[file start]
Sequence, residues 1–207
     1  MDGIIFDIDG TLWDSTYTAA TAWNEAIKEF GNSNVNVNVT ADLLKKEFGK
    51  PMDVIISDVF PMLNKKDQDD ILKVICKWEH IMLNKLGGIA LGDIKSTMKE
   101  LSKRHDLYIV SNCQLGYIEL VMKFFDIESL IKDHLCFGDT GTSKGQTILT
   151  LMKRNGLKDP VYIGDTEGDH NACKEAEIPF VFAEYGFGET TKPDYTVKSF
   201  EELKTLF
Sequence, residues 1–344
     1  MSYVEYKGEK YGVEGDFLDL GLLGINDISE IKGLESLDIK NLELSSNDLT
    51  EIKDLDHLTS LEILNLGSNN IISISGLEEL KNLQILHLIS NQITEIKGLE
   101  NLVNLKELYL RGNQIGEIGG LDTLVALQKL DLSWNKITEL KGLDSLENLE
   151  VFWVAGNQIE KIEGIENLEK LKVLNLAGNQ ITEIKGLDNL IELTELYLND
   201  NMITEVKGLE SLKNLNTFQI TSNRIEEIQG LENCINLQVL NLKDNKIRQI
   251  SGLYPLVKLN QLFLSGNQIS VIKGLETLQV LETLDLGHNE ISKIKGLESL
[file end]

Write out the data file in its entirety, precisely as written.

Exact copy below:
Sequence, residues 1–207
     1  MDGIIFDIDG TLWDSTYTAA TAWNEAIKEF GNSNVNVNVT ADLLKKEFGK
    51  PMDVIISDVF PMLNKKDQDD ILKVICKWEH IMLNKLGGIA LGDIKSTMKE
   101  LSKRHDLYIV SNCQLGYIEL VMKFFDIESL IKDHLCFGDT GTSKGQTILT
   151  LMKRNGLKDP VYIGDTEGDH NACKEAEIPF VFAEYGFGET TKPDYTVKSF
   201  EELKTLF
Sequence, residues 1–344
     1  MSYVEYKGEK YGVEGDFLDL GLLGINDISE IKGLESLDIK NLELSSNDLT
    51  EIKDLDHLTS LEILNLGSNN IISISGLEEL KNLQILHLIS NQITEIKGLE
   101  NLVNLKELYL RGNQIGEIGG LDTLVALQKL DLSWNKITEL KGLDSLENLE
   151  VFWVAGNQIE KIEGIENLEK LKVLNLAGNQ ITEIKGLDNL IELTELYLND
   201  NMITEVKGLE SLKNLNTFQI TSNRIEEIQG LENCINLQVL NLKDNKIRQI
   251  SGLYPLVKLN QLFLSGNQIS VIKGLETLQV LETLDLGHNE ISKIKGLESL